Explainer

What’s Causing the U.K. Fuel Crisis?

One part Brexit and one part coronavirus have derailed Britain’s transportation system—and given the government a huge headache.

By , an intern at Foreign Policy.
Drivers line up for fuel in London.
Drivers line up for fuel at a Tesco garage in London on Sept. 26. Chris J Ratcliffe/Getty Images

Long lines of people at gas stations anxiously waiting to fill up their cars has become an unnerving reality in the United Kingdom in recent days, giving the government a black eye and sparking fears of another winter of discontent. As many as two-thirds of the Petrol Retailers Association’s nearly 5,500 independent retail outlets ran out of fuel as of Monday, with the rest following soon. 

But it’s not actually a fuel shortage—it’s a labor shortage. For the last few months, a shortage of over 100,000 qualified truck drivers, also known as heavy goods vehicle drivers, has disrupted many industries such as food and fuel, causing ripple effects in grocery stores, restaurants, and now gas stations. 

Is it because of COVID-19? Is it because of Brexit? There’s a little bit of everything behind the mess. But beyond the political upheaval, it’s bringing the country to a standstill.

Long lines of people at gas stations anxiously waiting to fill up their cars has become an unnerving reality in the United Kingdom in recent days, giving the government a black eye and sparking fears of another winter of discontent. As many as two-thirds of the Petrol Retailers Association’s nearly 5,500 independent retail outlets ran out of fuel as of Monday, with the rest following soon.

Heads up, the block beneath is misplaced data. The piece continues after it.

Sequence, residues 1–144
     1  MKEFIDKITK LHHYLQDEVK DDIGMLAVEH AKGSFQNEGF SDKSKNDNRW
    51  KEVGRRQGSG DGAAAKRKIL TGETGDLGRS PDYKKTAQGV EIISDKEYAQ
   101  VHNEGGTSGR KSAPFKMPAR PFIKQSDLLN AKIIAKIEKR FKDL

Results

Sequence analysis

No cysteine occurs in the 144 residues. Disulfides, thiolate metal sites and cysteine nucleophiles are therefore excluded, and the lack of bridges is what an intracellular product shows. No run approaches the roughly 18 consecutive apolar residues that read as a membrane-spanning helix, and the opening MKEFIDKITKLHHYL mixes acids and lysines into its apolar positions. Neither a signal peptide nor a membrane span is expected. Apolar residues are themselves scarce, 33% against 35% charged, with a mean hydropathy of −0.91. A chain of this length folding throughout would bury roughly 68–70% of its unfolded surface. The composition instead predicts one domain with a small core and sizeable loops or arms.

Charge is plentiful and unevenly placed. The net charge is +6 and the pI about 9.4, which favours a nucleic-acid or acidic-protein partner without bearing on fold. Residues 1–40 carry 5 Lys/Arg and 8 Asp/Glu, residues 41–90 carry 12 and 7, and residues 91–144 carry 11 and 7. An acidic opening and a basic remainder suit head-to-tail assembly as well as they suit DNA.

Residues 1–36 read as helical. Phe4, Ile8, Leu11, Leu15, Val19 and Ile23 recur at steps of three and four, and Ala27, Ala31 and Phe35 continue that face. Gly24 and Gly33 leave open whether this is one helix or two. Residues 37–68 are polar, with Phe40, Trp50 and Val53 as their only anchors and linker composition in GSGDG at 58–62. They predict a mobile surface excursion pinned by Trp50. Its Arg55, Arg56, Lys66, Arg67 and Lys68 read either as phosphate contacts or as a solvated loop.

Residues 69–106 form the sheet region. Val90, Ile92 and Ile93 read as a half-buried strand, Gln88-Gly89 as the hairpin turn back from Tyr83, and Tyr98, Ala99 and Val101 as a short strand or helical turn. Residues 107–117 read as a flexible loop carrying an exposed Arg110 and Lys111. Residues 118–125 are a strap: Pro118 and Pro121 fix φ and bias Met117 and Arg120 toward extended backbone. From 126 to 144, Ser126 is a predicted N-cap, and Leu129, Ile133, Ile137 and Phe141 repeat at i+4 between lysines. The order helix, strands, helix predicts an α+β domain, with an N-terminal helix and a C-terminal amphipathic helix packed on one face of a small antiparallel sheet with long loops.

But it’s not actually a fuel shortage—it’s a labor shortage. For the last few months, a shortage of over 100,000 qualified truck drivers, also known as heavy goods vehicle drivers, has disrupted many industries such as food and fuel, causing ripple effects in grocery stores, restaurants, and now gas stations. 

Is it because of COVID-19? Is it because of Brexit? There’s a little bit of everything behind the mess. But beyond the political upheaval, it’s bringing the country to a standstill.

What’s causing the fuel crisis?

Though the trucker shortage has been a problem in many other European countries, the U.K. has been hit particularly hard. Most fingers, especially in Europe, point directly at Brexit as the culprit. Tax changes and new, tightened immigration laws have made it more difficult and time-consuming for European Union nationals to move in and out of the country for work. Many foreign workers are seeking other less strict destinations, not just truckers.

Still, the COVID-19 pandemic has not made things any easier. With the travel restrictions and stay-at-home orders of the past year and a half, many non-U.K. resident workers retired early or sought less demanding employment options. With most going back to their home countries, the vast majority haven’t returned, and they are not expected to, either. Lockdowns have also closed driving centers, which means there were fewer driver tests for truckers, which in turn means there were 25,000 fewer candidates able to pass their test last year compared to the year before.